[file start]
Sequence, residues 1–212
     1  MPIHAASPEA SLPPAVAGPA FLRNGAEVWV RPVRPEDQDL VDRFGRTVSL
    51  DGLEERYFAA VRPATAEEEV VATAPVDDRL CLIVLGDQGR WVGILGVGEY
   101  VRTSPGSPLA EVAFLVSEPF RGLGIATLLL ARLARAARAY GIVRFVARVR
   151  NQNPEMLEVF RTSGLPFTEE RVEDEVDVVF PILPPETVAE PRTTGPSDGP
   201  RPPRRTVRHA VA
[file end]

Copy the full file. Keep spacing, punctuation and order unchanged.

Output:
Sequence, residues 1–212
     1  MPIHAASPEA SLPPAVAGPA FLRNGAEVWV RPVRPEDQDL VDRFGRTVSL
    51  DGLEERYFAA VRPATAEEEV VATAPVDDRL CLIVLGDQGR WVGILGVGEY
   101  VRTSPGSPLA EVAFLVSEPF RGLGIATLLL ARLARAARAY GIVRFVARVR
   151  NQNPEMLEVF RTSGLPFTEE RVEDEVDVVF PILPPETVAE PRTTGPSDGP
   201  RPPRRTVRHA VA